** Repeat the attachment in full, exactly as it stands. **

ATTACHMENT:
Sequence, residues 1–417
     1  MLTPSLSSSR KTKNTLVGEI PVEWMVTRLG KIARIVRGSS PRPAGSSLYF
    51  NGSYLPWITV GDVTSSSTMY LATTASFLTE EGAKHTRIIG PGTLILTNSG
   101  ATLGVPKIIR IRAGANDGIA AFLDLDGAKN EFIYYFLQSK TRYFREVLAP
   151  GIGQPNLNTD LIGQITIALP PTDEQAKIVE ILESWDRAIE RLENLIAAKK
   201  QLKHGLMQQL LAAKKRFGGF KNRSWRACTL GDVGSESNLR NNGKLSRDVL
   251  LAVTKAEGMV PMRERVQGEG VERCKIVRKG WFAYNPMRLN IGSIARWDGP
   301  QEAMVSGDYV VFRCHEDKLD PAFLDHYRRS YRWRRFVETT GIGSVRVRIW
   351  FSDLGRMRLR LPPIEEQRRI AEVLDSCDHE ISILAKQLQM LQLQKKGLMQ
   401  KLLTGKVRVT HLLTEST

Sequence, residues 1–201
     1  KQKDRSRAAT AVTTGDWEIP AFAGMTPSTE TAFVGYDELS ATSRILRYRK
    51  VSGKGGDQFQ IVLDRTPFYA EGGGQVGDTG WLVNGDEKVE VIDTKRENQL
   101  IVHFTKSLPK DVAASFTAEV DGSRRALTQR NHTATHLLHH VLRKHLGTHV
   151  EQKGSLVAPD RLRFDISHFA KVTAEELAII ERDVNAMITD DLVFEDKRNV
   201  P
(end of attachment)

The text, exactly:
Sequence, residues 1–417
     1  MLTPSLSSSR KTKNTLVGEI PVEWMVTRLG KIARIVRGSS PRPAGSSLYF
    51  NGSYLPWITV GDVTSSSTMY LATTASFLTE EGAKHTRIIG PGTLILTNSG
   101  ATLGVPKIIR IRAGANDGIA AFLDLDGAKN EFIYYFLQSK TRYFREVLAP
   151  GIGQPNLNTD LIGQITIALP PTDEQAKIVE ILESWDRAIE RLENLIAAKK
   201  QLKHGLMQQL LAAKKRFGGF KNRSWRACTL GDVGSESNLR NNGKLSRDVL
   251  LAVTKAEGMV PMRERVQGEG VERCKIVRKG WFAYNPMRLN IGSIARWDGP
   301  QEAMVSGDYV VFRCHEDKLD PAFLDHYRRS YRWRRFVETT GIGSVRVRIW
   351  FSDLGRMRLR LPPIEEQRRI AEVLDSCDHE ISILAKQLQM LQLQKKGLMQ
   401  KLLTGKVRVT HLLTEST

Sequence, residues 1–201
     1  KQKDRSRAAT AVTTGDWEIP AFAGMTPSTE TAFVGYDELS ATSRILRYRK
    51  VSGKGGDQFQ IVLDRTPFYA EGGGQVGDTG WLVNGDEKVE VIDTKRENQL
   101  IVHFTKSLPK DVAASFTAEV DGSRRALTQR NHTATHLLHH VLRKHLGTHV
   151  EQKGSLVAPD RLRFDISHFA KVTAEELAII ERDVNAMITD DLVFEDKRNV
   201  P